Taime Downe, born Gustave Molvik, grew up in Seattle, Washington, and in high school he formed a band named the Bondage Boys. He later relocated to San Diego, California, then Los Angeles, where he worked in a Hollywood clothing store and ran the stage lights at the Troubadour. In 1985 he formed Faster Pussycat in Los Angeles, California. The name of the band was derived from the film Faster, Pussycat! Kill! Kill!. After three albums, the band split in 1993. Downe then teamed with the industrial band Pigface before forming his own industrial rock act called the Newlydeads. In 2001 Downe reformed Faster Pussycat with some of his former bandmates, but in 2006, three former original Faster Pussycat members also began performing under the name Faster Pussycat, creating two versions of the band, both claiming to be the original. A year later, the second band dissolved. Downe is the only remaining original band member; Faster Pussycat presently consists of Downe on vocals, Xristian Simon and Ace Von Johnson on guitars, Danny Nordal on bass and Chad Stewart on drums. Faster Pussycat's fourth and most recent studio album is 2006's The Power and the Glory Hole.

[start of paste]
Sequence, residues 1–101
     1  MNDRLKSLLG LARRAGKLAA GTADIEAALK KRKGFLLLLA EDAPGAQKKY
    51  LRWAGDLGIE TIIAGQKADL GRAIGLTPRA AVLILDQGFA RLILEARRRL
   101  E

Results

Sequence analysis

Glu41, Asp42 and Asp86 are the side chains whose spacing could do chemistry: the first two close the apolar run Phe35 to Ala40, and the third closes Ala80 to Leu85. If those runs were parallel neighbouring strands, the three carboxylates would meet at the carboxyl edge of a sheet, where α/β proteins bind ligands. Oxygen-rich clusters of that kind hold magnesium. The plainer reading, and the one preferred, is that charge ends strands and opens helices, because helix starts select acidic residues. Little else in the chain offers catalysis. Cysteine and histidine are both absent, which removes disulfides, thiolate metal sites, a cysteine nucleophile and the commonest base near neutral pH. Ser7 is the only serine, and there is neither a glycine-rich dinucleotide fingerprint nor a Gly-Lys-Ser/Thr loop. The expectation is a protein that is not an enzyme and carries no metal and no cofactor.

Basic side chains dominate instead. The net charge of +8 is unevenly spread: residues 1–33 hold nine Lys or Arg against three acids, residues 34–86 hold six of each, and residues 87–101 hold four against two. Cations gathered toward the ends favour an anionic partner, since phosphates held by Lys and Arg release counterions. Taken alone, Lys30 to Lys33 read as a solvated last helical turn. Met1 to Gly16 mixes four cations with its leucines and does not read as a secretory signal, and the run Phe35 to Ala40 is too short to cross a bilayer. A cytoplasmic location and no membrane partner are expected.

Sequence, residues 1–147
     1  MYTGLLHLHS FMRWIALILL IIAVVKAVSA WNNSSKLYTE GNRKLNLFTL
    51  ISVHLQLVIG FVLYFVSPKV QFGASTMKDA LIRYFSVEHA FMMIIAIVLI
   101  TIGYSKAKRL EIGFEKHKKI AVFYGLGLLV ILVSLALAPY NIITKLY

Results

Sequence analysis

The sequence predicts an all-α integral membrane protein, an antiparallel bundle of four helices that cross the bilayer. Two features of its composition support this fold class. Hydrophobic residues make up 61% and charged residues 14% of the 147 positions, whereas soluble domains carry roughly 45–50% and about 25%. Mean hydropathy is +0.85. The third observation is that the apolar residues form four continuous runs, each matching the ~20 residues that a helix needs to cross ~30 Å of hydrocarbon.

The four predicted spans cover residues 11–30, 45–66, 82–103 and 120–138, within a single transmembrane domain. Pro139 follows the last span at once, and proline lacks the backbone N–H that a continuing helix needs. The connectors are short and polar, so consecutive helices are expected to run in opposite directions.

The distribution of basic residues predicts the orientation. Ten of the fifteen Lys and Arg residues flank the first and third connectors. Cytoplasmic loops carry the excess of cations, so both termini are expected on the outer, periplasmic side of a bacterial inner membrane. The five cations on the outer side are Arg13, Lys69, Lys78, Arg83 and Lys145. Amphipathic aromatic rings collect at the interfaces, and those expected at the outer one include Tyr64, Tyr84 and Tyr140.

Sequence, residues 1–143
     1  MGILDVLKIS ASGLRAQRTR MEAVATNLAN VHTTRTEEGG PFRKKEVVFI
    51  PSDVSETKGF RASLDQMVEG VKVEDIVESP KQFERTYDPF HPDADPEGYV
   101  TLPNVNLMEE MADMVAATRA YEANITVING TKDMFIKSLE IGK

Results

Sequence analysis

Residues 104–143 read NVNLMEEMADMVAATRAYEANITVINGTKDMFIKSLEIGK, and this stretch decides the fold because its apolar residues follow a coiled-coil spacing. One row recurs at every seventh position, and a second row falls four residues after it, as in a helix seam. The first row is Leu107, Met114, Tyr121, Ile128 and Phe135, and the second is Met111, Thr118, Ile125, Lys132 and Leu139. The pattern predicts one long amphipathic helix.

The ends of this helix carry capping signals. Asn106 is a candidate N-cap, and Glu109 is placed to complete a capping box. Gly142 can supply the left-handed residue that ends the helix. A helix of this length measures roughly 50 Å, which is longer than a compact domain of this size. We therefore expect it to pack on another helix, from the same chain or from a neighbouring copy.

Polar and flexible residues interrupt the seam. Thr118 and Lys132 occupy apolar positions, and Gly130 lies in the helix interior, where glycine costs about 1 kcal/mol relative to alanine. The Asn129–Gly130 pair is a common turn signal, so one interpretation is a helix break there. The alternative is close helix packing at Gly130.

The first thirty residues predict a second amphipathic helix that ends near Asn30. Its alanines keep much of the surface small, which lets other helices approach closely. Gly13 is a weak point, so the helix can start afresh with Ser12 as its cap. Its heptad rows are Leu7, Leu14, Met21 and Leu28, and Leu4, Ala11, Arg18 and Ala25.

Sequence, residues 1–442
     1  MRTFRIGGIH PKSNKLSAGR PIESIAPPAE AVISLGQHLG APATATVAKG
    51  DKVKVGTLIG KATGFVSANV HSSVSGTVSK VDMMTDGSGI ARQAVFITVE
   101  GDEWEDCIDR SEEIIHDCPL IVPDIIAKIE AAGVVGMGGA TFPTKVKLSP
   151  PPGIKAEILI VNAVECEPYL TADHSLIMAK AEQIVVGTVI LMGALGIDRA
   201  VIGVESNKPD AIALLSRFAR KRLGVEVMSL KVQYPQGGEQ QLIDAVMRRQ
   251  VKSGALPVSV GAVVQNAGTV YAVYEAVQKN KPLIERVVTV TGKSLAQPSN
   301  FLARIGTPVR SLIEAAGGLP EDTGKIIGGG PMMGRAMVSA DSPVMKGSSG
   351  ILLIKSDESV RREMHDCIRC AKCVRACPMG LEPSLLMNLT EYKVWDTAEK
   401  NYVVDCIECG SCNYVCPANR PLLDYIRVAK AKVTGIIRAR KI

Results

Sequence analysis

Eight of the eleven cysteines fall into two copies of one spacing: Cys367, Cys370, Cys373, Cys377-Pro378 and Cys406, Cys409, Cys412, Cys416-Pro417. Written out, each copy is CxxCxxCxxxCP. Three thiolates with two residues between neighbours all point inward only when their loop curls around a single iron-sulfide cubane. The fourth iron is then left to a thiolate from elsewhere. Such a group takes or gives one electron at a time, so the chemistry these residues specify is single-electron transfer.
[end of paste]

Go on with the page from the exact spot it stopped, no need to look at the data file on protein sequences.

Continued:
Back in its early days, Faster Pussycat symbolized the excesses of the Hollywood rock scene. The band appeared tamer tonight at the Bowery Electric, with Downe simply holding an unlit cigarette between his fingers throughout the show. From the first song, sexual innuendos established the temperature and riff-cracking rock and roll heightened the heat. The band honed its ragged edge with clear guitar leads, fuzz-infused chord changes, and a steady back beat, but it was Downe's scratchy vocals that led the charge. A bad-boy attitude projected from the stage, as Downe and the gang convincingly revisited the down and dirty spirit of the decadent 1980s. For just a little while there was a taste of 1987 in the air.
Visit Faster Pussycat at www.fasterpussycat.com.